A little late, but I would like to know what he says when you ask him what bothers him about it. Is it painful, or what? Knowing that answer can help you figure out the best tactic to take. (Avoid asking "why" he won't wear it--why questions aren't very clarifying, expecially with such a young 'un, but ask him what about it is pesky.)

And add me to the "pirates are cool" faction.
posted by thebrokedown at 6:57 PM on May 11, 2006

Could you buy him a really cool pair of sunglasses tinted enough so that no one else can tell that you've blocked off the side with the good eye? He could wear them outside and so long as no one bugs him to let them try the glasses on, no one will know what's going on.

But I mean really cool. No skimping. Oakley or something.
posted by krisjohn at 8:42 PM on May 11, 2006

I was wondering, maybe you could wear an eyepatch (or something similar that you can see through) along with him, since he doesn't have to wear it in public. When our son was told by the doctor that he would have to wear glasses to bring out the vision in his weak eye, he flat out refused to (he was 6 at the time), because he thought they "made him look stupid" and that "nobody else in the family wears them." So I quit using my contact lenses and got myself the coolest pair of glasses that I could find and started wearing them, all the while bragging to him that I looked so smart and great. Eventually, he agreed to wear them, so long as he wasn't the only one in the family with glasses. I still sometimes have to tell him he looks super cool in them. (Problem is, now he won't let me go back to my contact lenses...)
posted by misozaki at 10:35 PM on May 11, 2006

Pirate stuff and stickers are fun but if he can't see himself in the mirror to enjoy them, then they probably won't make such a good motivator.

Is it possible that his vision in the bad eye is worse than everyone thinks? I went through this around your boy's age and was miserable not because of discipline or embarassment issues but because I truly couldn't see. I remember being told that these "eye exercises" were for my own good and I did as I was told, but wearing the patch was almost as bad as wearing a blindfold.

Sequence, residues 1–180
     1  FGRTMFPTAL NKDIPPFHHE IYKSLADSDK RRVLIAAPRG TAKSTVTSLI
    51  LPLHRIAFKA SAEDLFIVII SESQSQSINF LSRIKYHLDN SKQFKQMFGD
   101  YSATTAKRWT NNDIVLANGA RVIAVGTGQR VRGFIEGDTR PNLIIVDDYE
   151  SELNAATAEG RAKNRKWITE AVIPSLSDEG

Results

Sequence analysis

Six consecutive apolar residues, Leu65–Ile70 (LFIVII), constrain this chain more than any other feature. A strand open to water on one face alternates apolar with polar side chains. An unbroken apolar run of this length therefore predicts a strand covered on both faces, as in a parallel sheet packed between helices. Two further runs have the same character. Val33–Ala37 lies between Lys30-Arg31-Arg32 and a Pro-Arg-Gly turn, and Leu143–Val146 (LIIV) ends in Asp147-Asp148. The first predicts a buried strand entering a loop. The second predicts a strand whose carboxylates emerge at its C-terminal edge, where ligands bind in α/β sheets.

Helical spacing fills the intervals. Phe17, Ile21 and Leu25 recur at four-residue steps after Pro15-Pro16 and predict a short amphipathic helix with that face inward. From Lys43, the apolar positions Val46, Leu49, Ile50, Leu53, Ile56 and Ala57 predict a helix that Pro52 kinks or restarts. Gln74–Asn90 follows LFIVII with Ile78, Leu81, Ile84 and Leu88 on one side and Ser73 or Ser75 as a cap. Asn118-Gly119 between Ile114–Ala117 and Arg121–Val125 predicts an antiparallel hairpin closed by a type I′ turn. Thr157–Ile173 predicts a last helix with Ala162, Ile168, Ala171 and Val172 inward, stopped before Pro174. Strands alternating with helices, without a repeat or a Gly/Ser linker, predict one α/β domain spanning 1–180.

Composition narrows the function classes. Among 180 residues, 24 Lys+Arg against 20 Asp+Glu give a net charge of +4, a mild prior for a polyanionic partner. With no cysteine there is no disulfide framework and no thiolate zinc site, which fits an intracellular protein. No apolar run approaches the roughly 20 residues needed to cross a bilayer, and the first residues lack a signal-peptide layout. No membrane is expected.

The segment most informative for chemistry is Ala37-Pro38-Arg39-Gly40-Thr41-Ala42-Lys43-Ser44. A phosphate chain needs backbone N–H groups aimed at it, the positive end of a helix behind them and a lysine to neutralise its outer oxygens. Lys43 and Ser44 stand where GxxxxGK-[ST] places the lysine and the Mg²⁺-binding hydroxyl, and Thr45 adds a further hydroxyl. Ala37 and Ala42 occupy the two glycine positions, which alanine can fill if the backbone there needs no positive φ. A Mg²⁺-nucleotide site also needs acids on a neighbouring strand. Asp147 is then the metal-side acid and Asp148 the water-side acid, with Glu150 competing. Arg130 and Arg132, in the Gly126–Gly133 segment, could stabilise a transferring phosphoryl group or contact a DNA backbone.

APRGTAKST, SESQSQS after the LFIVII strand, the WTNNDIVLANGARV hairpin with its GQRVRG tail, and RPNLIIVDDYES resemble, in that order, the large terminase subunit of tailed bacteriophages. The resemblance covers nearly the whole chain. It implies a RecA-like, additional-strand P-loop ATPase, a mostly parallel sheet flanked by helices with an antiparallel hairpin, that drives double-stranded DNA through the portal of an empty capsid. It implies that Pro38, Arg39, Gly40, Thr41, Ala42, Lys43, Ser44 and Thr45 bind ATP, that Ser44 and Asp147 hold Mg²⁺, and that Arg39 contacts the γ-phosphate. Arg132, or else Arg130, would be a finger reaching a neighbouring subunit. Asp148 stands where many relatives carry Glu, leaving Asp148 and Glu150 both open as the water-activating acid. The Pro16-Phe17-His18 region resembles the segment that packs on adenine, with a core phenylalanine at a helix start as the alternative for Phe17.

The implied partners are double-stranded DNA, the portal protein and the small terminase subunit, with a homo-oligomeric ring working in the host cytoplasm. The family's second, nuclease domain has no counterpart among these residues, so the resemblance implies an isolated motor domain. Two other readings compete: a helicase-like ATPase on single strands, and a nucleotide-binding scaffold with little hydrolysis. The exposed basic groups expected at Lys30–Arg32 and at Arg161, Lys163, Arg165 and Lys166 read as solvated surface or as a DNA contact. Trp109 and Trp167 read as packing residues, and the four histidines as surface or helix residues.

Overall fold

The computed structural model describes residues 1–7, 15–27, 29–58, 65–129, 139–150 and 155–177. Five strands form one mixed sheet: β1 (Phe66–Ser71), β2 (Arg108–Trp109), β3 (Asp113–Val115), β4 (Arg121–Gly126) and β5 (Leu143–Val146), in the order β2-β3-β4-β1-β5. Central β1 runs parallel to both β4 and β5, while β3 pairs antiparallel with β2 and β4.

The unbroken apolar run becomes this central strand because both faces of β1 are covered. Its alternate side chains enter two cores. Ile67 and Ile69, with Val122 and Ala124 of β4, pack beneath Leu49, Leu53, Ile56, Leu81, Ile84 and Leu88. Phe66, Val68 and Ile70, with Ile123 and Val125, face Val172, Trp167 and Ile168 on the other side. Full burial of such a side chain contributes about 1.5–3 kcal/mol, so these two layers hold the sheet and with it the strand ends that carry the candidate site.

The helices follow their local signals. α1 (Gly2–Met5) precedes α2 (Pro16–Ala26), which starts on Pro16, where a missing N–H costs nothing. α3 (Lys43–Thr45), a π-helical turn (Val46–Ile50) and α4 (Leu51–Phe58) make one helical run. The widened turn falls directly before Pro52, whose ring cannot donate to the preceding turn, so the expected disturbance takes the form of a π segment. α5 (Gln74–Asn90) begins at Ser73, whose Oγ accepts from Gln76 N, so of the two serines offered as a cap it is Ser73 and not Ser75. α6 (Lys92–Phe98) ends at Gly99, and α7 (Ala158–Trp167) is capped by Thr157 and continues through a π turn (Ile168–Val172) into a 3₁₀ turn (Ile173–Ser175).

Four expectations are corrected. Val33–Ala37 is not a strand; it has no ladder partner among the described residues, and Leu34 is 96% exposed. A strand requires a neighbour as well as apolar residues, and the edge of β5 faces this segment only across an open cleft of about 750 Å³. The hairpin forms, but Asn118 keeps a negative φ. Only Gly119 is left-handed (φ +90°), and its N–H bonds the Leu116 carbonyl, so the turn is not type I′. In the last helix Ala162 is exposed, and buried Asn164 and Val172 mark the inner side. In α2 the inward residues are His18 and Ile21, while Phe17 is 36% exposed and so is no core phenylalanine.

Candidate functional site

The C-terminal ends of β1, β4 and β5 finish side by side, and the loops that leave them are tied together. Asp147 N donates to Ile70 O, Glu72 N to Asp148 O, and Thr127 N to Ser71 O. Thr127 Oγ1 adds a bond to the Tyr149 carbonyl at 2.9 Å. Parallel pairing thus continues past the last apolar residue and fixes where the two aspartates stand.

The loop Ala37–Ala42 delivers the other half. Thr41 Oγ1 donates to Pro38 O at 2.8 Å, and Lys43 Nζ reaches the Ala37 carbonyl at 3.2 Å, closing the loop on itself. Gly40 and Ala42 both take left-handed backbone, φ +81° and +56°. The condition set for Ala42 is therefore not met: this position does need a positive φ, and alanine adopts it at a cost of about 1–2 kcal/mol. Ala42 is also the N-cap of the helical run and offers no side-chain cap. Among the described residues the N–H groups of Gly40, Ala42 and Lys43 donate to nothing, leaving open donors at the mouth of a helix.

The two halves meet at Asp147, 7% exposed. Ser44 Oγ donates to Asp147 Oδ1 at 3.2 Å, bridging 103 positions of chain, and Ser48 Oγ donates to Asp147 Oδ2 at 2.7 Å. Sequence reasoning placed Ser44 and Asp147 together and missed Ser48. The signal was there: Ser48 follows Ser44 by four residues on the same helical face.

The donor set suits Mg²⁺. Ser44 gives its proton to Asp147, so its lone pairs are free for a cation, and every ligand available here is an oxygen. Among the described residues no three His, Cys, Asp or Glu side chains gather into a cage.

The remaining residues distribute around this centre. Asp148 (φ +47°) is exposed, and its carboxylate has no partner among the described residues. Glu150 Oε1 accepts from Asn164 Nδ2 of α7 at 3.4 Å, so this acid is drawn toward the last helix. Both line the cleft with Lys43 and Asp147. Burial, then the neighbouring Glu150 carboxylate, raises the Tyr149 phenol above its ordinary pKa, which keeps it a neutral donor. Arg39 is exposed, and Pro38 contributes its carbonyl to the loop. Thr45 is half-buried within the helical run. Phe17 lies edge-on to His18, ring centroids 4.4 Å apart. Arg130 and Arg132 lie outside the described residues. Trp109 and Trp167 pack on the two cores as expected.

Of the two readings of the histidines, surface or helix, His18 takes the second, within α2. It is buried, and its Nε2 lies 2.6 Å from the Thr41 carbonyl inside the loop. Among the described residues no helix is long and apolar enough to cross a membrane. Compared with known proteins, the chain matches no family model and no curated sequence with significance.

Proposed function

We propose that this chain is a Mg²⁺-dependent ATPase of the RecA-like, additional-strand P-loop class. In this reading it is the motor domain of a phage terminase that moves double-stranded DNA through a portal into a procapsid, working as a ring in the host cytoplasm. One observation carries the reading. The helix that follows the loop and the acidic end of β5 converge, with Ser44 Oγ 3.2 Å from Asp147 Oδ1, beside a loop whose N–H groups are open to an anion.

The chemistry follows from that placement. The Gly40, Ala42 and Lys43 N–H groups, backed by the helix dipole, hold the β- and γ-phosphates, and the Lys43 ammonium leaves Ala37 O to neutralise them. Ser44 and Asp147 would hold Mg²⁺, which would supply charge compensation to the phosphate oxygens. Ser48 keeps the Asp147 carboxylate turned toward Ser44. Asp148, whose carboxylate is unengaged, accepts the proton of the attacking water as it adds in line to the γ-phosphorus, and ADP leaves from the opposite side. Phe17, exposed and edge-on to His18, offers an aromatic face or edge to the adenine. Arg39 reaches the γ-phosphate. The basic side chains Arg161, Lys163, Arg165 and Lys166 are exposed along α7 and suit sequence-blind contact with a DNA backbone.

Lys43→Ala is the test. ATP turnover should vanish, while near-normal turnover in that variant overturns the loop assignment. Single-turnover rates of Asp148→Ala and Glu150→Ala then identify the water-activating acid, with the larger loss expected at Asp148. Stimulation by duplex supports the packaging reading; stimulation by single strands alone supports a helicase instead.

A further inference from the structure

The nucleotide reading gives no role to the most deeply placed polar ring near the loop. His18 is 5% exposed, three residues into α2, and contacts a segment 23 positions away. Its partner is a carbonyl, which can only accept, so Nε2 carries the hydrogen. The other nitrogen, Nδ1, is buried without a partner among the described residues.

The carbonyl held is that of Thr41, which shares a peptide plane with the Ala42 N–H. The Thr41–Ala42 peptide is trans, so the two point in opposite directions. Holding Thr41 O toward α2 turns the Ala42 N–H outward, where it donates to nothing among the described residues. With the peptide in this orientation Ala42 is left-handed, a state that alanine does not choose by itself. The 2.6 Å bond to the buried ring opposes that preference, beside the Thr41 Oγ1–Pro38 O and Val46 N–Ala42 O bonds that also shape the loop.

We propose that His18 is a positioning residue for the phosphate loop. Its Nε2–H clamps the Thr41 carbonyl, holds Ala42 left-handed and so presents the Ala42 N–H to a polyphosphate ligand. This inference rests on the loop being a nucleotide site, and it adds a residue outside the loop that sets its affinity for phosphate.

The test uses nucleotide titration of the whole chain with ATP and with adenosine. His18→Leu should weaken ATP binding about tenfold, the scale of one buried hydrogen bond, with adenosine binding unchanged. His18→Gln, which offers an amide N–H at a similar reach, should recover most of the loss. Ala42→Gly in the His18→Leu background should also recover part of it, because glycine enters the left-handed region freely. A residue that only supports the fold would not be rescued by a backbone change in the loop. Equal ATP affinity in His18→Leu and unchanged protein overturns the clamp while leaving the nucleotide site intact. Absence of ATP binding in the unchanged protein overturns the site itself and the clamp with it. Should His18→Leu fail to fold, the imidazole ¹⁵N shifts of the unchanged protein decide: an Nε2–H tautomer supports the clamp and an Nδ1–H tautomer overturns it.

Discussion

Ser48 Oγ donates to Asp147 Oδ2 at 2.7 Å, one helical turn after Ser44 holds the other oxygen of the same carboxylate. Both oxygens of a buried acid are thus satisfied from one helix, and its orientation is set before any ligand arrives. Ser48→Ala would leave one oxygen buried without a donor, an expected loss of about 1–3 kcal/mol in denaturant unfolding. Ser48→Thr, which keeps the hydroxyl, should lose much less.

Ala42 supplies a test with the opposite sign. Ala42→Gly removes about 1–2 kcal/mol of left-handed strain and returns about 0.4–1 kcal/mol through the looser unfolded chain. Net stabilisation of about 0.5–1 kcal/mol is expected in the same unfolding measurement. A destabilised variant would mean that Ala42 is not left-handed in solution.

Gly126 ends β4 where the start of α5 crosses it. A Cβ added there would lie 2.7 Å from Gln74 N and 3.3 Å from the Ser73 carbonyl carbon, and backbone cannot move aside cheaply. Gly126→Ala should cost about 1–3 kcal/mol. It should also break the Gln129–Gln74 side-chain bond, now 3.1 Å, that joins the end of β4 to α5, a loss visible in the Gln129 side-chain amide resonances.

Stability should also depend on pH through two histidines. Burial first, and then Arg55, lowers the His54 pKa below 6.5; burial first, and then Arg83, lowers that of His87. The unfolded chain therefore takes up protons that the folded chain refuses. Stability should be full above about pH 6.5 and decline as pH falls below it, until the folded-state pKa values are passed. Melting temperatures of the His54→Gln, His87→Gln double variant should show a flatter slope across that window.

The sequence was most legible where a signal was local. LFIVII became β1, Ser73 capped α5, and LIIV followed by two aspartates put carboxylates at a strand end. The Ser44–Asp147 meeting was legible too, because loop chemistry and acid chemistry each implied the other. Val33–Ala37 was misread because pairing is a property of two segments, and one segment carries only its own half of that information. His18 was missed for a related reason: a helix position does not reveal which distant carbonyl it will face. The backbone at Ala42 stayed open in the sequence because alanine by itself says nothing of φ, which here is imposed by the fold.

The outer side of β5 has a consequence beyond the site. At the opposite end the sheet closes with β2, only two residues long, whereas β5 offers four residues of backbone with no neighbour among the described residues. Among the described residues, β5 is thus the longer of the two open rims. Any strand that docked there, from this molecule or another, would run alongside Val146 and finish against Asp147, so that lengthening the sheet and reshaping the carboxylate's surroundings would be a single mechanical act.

Rather than leaving him to his own devices in front of the TV (which he probably can't see very well anyway), maybe you can make eyepatch time = fun family activity time. Help him pass the time wearing the tortuous thing by playing a board game or card game with him. It would help with hand-eye coordination, focusing, etc, and show him that you love him (i.e. are not punishing him with the whole eyepatch thing). You can wear one too. I wish my parents had done this.
posted by QueSeraSera at 11:45 PM on May 11, 2006

If all else fails there's always good old fashioned fear! "If you don't do this you'll be blind when you're older and you won't be able to see anything!"
posted by wackybrit at 2:59 AM on May 12, 2006

I've heard that the biggest motivator for kids is time with their parents. The notion of holding the kid down as punishment/control is antithetical to this.

Perhaps simple time-out for patch removal, and the reward of attention/time with Mom for keeping it on, will do the trick real quick.

Alternatively, put some control mits on him so he can't do anything that requires his hands, such as remove the patch. This is a sort of time-out. Reward for keeping it on, or the mits for taking it off. Such mits are used in hospitals to keep kids from digging at wounds and that sort of thing.
posted by Goofyy at 3:02 AM on May 12, 2006

Lost the long answer in a crash, but how about bandannas? Tie it in the back and drape it over one eye. They're dirt cheap, absorbent, washable, reusable, and come in some amazing colors. If it feels stiff, throw a cotton ball under it until it's been washed a few times.
posted by unrepentanthippie at 6:10 AM on May 12, 2006

I had to wear one when I was his age. I had the adhesive kind, to stop me from just taking it off. My mom drew pictures on them every morning, which I liked. (Once my sister drew an eye on it, and I refused to wear it.)
posted by The corpse in the library at 1:47 PM on May 14, 2006